South of the Orient: Part IV

Salmon Curry & ParippuA major benefit to dating a fellow foodie is that home-cooked meals are rarely boring – Tom and I often create something unique and delicious. Just the other week, we were at a coffee shop and (naturally) began to discuss what we could make for dinner that evening. The hope was to make something healthy and packed with protein – that idea led to salmon, and lentils slowly found their way into the discussion. Not surprisingly we decided to give this pairing an Indian twist, and the result was perfect: Salmon Curry over Parippu (Red Lentil Dal) and Spinach.
Parippu 3As per usual with Tom’s cooking, these recipes are permeated with a variety of spices…which reminds me to briefly discuss the term “curry”. Many assume that “curry” is a specific type of Indian spice, when in reality it is a generic term for a mixture of spices (flavors). The word is of English origin, with its creation dating back to the British Colonial government – during their colonial administration of India, British officials had come to know and love the flavors of the local cuisine. It is alleged that the mixture was created by an Indian chef for a single colonial magistrate: while preparing for his return to England, the magistrate announced that he couldn’t bear to live without the flavorful fare. The result was a spice powder that has become wildly popular throughout the British Isles, as well as across the globe in “fusion” settings.
Parippu 1 Indian cooking is often inspired by Ayurveda: a holistic practice of Indian origin that encourages well-being through physical and emotional awcareness. This practice relies on the understanding of the three doshas (or elemental energies that constitute each individual): Vata (motion), Pitta (metabolic), and Kapha (growth). Pitta espouses the life-giving properties of certain spices and foods, and legumes are seen as especially potent. This particular recipe uses red lentils (also known as Parippu or Masoor dal) – they cook more quickly than your standard brown lentils, with the difference being that these have been stripped of their outer hulls and split in half. The result is a protein that serves as an excellent thickener for stews and curries, making them a popular choice for Dal. Learn how to make this flavorful Dal by clicking HERE!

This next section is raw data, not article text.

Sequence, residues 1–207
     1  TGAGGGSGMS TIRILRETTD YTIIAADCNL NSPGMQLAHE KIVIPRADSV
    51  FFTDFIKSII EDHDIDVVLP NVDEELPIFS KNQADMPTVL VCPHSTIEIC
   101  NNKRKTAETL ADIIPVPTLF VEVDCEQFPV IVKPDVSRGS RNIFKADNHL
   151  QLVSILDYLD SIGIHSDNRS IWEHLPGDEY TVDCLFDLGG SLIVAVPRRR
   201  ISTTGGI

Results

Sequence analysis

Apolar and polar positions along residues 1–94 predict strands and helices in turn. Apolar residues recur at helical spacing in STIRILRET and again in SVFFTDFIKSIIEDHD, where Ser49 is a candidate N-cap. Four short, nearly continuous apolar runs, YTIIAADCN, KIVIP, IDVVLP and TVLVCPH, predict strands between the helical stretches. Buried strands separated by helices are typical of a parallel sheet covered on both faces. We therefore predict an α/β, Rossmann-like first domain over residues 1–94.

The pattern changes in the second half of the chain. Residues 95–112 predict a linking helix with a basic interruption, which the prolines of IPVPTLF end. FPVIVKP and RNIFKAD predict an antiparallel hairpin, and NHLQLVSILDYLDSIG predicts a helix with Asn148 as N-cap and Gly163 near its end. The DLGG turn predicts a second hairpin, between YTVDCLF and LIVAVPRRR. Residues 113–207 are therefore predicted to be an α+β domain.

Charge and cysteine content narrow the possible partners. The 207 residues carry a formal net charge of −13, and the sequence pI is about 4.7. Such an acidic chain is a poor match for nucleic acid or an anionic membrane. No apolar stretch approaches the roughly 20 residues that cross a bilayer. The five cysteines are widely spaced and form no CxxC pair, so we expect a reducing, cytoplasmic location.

Curry SalmonSalmon with Indian spices was definitely a new one for me. Swordfish is Tom’s preferred choice for curries (more on that later), but we both agreed it might be interesting to try the oilier fish for a change of pace. I was in charge of making this dish, and it was actually fun to cook. Connecting to the previous dish, Ayurveda certainly applies here as well: salmon provides whopping dose of Omega-3’s, vitamins, protein, and amino acids. I decided to cook the salmon skin-on, but you can certainly go with your preference. For plating, we placed the Dal onto a mound of baby spinach, and topped it off with the salmon and extra sauce. The resulting dish was stunning, and needless to say our “dosha” were fully satisfied – click HERE to see the recipe for this beautiful salmon!
Curry Salmon & Parippu 2The life-giving properties of food are absolute – nutritional choices are a requisite for any healthy lifestyle. That being said, a person’s well-being is incidentally influenced by countless elements, and music certainly has a place in the formula. Think back on all of the times that you’ve turned to music: special occasions with family and friends, moments you were sad or nervous, times of laughter and joy, an instance of inspiration. These are experiences you’ll never forget, as they were integral to your personal wellness and psyche. Composer Marc Neikrug thoroughly believes in the power of music, and his work Healing Ceremony reflects this philosophy. He says of the piece:

“I thought about the power music has over people; I wanted to write something that would change how your body feels — helping you calm down, handle stress, get in touch with inner feelings and inner thoughts…This [composition] is not a treatment, but it surely can put you in the right place.” – Marc Neikrug

Neikrug has been living on a Pueblo reservation in Sante Fe for over twenty years, and has been greatly inspired by their cultural perspectives on healing and connectivity. From the three dosha of Ayurveda described above, music is perhaps most connected to Vata: a dosha that involves your breath, heart rate, and blood circulation. Exposure to music can influence all of these elements, and Neikrug’s intention with Healing Ceremony is to invoke calmness and  through the music:

“People should be much more conscious of the power that music has upon all of them — meaning your body and everything that’s going on inside of you…It’s not just, ‘Oh this is cool — it makes me want to dance,’ it’s much more complicted than that.” – Marc Neikrug